Results tagged “sounds”

Aminata pounding millet

mali
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Smaminatapounding0001.JPGToday in the Dogon village of Djiguibombo we learnt how to make - a kind of thick millet porridge which is pretty much the staple food in this part of Mali.  We learnt from an expert: Aminata, who is 15 and has been making the for her whole family since her mother died some years ago.  And we realised how hard work it is: you have to pound the millet into flour by hand in an enormous mortar & pestle.  Just listen to how hard she hits it.

It's worth listening to this using headphones or proper speakers - on laptop speakers you can't really hear the bass sounds of the pounding properly.

Click here to listen.

Click here for more audio samples.

Smaminata0001.jpgSmaminatastirring0001.JPGSmtobowl0001.JPG

Balafon and djembe

mali
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Smsegousunset0001_1.JPGWent out drinking in Ségou this evening, and found a band (Groupe Pawari) playing in a bar.  One guy with a balafon, one with a very loud djembe drum, and someone occasionally doing a bit of singing.  Actually they all seemed to be able to play all the instruments - especially Issa.

We didn't take any photos of the band, or the bar.  So here's one of the sunset instead.

Click here to listen.

Click here for more audio samples.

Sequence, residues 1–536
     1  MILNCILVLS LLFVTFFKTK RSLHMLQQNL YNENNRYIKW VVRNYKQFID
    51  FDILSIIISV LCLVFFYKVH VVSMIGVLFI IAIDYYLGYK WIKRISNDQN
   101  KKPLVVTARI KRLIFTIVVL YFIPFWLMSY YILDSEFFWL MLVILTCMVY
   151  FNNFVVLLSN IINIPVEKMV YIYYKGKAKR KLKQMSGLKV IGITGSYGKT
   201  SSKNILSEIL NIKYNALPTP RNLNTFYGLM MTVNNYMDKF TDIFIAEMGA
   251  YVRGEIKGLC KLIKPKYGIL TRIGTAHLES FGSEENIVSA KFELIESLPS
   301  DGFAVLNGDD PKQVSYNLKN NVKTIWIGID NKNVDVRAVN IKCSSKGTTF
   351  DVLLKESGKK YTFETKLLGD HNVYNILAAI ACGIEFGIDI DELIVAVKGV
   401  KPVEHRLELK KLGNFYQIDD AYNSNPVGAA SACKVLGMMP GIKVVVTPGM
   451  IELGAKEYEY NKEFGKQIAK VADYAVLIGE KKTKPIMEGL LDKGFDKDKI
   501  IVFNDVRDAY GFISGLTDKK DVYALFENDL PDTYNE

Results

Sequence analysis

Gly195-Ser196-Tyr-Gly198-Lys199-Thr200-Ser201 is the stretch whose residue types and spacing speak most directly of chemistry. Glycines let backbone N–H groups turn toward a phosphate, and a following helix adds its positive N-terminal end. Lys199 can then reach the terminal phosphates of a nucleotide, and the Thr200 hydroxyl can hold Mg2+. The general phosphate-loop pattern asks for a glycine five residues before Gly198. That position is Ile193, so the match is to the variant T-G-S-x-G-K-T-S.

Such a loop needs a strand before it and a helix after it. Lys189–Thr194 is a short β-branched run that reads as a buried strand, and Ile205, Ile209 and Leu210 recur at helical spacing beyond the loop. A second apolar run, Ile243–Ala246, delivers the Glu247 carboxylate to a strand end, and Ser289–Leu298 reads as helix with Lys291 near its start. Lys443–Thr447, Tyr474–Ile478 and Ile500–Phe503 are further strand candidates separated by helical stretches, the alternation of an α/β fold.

Insects and waterfalls

senegal
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Smafiastream0001.JPGWhile staying in Dandé, a village up on the cliff a few kilometres from the Guinean border, we took a walk to the next-door village, Afia, and a bunch of the local boys took us to take a look at their waterfall.  This is the greenest, lushest part of Senegal, and the forest we walked through was full of the most intense, almost psychedelic, insect sounds I've heard.  This is the sound of us walking through the forest, crossing a stream and getting to the waterfall.

Click here to listen.

Click here for more audio samples.

Smmillipede0001.jpgSmafiaboy0001.JPG


Fonio in the morning

senegal
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You wake up in the dark and look at the time - it's only 5am! What could have woken you? You can hear insects chirping, and a cock crowing in the distance, but that's not it. Then you hear low women's voices, and the pounding - a deep, muffled, insistent sound. Drums? But why would people be drumming this early? Then you remember - it's just breakfast ...

Smdandegirls0001.JPGThis is Dandé, a little village up in the hills on the Senegalese side of the border with Guinea.  People here mostly eat fonio, a grain with little round seeds which looks a bit like couscous, and usually gets steamed in a similar way.  It was entirely wild until a few decades ago, and it's very nutritious - but to get the little skins off you have to pound it in a large wooden mortar, with a huge pestle, for a long time.  So the women and girls of the village get up very early every day to start pounding ...